A talented young TV producer arrives in Miami to revamp the lowest-rated morning show in the country.
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2004   2003   2002  
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Cast

Complete series cast summary:
...
 Penny Barnes Barrington (40 episodes, 2002-2004)
...
 Jake Silver (40 episodes, 2002-2004)
...
 Dylan Messinger (40 episodes, 2002-2004)
...
 Frank Alfano (34 episodes, 2002-2004)
...
 Gavin Stone (33 episodes, 2002-2004)
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Storyline

Jake Silver, a television producer, arrives in Miami to work on the morning show, GOOD MORNING MIAMI. What he sees is a utter mess; for instance, the anchorman, Gavin Stone, is a recovering alcoholic who is pompous and arrogant, as is the anchorwoman Lucia, and the weather girl is a nun. Frank, the man who brings Jake there, is extremely neurotic. And his assistant Penny is obstinate. Jake is about to leave when he meets Dylan, the station's hairdresser, and decides to stick around to court her; the only problem is, she's already involved with Stone. But on the advice of his grandmother Clair, he decides to stay and see if he has a chance. Written by rcs0411@yahoo.com

Plot Summary | Add Synopsis

Plot Keywords:

miami florida | sitcom | See All (2) »

Taglines:

He had every reason to go... until came the one reason to stay...

Genres:

Comedy

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Details

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Release Date:

26 September 2002 (USA)  »

Also Known As:

Buenos días, Miami  »

Company Credits

Show detailed on  »

Technical Specs

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Aspect Ratio:

1.33 : 1
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Did You Know?

Trivia

The "Good Morning, Miami" morning news-show format itself was inspired by Max and David Kohan's personal experience producing a morning talk-show called "Mike & Matty". See more »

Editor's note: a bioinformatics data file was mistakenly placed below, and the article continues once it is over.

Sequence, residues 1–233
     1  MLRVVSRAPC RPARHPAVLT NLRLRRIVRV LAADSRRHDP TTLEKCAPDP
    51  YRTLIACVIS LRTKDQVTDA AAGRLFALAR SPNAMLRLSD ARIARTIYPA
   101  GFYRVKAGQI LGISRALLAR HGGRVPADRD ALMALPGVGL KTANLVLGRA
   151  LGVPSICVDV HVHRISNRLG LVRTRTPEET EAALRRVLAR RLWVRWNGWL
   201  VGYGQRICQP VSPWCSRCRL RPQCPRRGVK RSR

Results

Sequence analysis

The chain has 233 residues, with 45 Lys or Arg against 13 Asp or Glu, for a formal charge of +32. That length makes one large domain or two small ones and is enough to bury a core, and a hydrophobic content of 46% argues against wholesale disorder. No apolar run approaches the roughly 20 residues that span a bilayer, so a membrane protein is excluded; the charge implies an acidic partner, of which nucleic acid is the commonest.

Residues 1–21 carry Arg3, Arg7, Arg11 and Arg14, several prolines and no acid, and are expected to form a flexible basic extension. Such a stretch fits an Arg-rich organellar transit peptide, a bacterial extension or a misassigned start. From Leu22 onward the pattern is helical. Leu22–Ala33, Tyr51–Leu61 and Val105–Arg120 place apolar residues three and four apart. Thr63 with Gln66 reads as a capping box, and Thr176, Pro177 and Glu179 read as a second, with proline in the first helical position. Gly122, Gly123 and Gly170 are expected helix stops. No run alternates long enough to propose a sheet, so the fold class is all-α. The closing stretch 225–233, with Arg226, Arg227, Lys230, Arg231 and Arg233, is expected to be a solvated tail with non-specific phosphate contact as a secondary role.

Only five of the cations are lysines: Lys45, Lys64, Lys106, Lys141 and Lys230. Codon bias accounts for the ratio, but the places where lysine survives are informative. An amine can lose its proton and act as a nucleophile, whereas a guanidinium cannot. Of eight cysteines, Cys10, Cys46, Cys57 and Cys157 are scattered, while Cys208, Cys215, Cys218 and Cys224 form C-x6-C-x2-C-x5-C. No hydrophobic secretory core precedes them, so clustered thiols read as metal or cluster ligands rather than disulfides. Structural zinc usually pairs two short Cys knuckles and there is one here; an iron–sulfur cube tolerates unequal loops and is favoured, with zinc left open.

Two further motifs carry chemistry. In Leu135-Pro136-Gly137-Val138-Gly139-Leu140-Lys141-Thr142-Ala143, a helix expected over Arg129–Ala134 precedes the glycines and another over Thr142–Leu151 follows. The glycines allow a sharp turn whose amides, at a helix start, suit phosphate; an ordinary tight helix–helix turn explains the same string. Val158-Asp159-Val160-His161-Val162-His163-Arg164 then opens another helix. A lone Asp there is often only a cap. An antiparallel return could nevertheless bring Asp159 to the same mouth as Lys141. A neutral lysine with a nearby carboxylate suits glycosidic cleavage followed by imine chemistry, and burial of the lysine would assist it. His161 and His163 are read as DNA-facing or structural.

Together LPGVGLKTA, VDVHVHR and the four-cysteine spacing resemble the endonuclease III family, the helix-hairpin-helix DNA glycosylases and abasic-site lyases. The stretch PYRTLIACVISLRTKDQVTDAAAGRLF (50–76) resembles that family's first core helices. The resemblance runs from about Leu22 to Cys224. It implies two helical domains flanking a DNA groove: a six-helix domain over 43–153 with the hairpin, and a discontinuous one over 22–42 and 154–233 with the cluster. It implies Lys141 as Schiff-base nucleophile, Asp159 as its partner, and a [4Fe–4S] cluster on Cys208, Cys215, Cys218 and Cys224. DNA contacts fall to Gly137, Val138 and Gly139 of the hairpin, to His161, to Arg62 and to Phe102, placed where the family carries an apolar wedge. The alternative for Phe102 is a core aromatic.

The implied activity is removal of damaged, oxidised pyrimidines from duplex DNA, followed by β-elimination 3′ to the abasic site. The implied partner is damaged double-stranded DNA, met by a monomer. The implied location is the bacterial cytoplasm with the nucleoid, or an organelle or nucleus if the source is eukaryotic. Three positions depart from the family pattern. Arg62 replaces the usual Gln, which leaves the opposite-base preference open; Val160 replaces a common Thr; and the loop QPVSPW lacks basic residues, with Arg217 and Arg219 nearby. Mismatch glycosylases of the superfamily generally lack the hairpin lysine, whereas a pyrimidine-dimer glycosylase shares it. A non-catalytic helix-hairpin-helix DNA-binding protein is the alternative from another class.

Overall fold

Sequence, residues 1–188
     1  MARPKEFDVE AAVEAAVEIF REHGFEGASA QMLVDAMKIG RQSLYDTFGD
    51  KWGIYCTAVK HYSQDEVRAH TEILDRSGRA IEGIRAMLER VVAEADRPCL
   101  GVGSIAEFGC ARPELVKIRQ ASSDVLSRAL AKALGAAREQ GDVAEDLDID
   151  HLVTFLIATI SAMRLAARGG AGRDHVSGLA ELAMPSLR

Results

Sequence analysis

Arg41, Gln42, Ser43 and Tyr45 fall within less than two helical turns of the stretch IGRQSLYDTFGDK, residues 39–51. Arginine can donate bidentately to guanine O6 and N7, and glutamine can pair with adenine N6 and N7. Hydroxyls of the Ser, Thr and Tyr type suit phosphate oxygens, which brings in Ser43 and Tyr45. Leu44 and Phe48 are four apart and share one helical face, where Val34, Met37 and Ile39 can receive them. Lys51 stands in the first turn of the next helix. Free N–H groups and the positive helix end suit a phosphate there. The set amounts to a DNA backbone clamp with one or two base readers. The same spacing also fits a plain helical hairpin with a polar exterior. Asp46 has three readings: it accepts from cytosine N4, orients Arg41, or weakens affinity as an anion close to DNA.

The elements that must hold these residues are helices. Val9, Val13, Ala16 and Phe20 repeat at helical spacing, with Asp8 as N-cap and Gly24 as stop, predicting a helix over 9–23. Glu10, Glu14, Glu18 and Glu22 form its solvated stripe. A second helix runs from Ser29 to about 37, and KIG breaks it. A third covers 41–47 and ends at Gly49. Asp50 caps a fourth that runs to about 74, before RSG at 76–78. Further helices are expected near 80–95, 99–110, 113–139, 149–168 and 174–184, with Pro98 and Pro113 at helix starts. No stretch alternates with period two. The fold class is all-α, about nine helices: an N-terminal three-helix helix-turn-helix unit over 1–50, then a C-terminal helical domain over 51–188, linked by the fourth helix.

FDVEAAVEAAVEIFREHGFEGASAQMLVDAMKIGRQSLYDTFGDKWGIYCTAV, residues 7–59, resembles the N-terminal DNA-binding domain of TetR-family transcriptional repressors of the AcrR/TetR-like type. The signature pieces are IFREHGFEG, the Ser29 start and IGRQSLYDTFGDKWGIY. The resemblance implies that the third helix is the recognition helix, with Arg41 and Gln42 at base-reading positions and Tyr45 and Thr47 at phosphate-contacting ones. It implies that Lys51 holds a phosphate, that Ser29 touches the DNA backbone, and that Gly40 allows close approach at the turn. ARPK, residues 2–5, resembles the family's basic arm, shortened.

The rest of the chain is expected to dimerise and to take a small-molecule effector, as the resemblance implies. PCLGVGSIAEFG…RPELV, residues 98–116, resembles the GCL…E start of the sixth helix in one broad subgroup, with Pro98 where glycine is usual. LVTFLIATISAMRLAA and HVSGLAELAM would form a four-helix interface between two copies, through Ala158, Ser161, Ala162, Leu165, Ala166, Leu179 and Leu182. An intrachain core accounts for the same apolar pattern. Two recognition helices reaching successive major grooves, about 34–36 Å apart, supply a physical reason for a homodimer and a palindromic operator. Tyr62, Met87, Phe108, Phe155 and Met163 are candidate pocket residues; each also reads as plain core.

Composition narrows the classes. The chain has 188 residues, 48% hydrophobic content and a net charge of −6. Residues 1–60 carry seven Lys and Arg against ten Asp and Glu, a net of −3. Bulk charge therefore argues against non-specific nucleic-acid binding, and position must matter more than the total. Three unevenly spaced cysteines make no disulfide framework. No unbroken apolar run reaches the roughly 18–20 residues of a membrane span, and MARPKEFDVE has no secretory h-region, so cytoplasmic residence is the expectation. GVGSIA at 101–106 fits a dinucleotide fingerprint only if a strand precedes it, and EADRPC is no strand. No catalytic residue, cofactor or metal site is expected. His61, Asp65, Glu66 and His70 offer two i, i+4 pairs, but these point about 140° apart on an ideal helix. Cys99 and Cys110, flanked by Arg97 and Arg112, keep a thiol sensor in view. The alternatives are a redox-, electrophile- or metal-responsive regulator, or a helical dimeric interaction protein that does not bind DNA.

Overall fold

Goofs

In the first season finale, the yellow clipboard Dylan holds in the first few minutes jumps from her hands to her bag during her talk with Jake. See more »

Quotes

Frank: Wanna feel my arm-muscle? It's freakishly over-developed.
Penny: What is this? Hand me a lawsuit day?
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Connections

Referenced in Nobody's Watching (2006) See more »

Soundtracks

Once in a Lifetime
(Theme song)
by Johnny Rzeznik (as John Rzeznik)
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User Reviews

One-note sitcom has nowhere to go
1 November 2002 | by See all my reviews

Sitcoms need a workable, believable premise. Ensembles need characters with some depth to play against the premise and each other. The combination of elements leads to comedic combustibility. Well structured, well thought out sitcoms are like fireworks. They have a limited life, but as they explode, they reveal layers of light, color and magic.

"Good Morning, Miami" is a firecracker. Pop, it's gone. In the first episode, a new producer arrives at a failing TV morning show as a candidate to turn it around. (Actually, he just wanted the free ride to Miami to visit his grandmother. He's taking another job.) He meets the show's hairdresser and falls in love. She doesn't know. She's with the male anchor, a recovered substance abuser who credits their relationship with turning around his life.

Okay, a good setup. A great comedic triangle. Except: there's no chemistry between the producer and the hairdresser. At all. His attempts to get her attention generate sympathy for the anchor, who is drawn as the villain vis-a-vis his dismissive attitude toward the producer. Sadly, there's not much more chemistry between the hairdresser and the anchor. (There is unexplored chemistry between the producer and the anchor, but that would be another show.)

The weakest link in the triangle is the hairdresser. There is no character there. She's nice. She's pretty. She's...? Now weeks into the series, we still know nothing substantive about her.

Other characters are broad caricatures of religious people (the weather nun), and Hispanic women (the female anchor). There are also two workers whose functions on the show-within-the-show are as unclear as their functions on the show proper.

The grandmother works, but then, she's been road tested. She's an aged version of Karen Walker from "Will & Grace". We don't see much of her except in some repartee with the grandson-producer. She's like a Greek chorus, commenting on the action but removed from it. Too bad.

Sometimes a show can turn around a few episodes past the pilot. This one has not. It has no idea what it wants to be past getting the designated romantic leads together (which is what every episode is about). It's a lesson that should have been learned from the one-note sitcom "Cursed", or the child who asks at the end of a fairy tale, "and then what happens."


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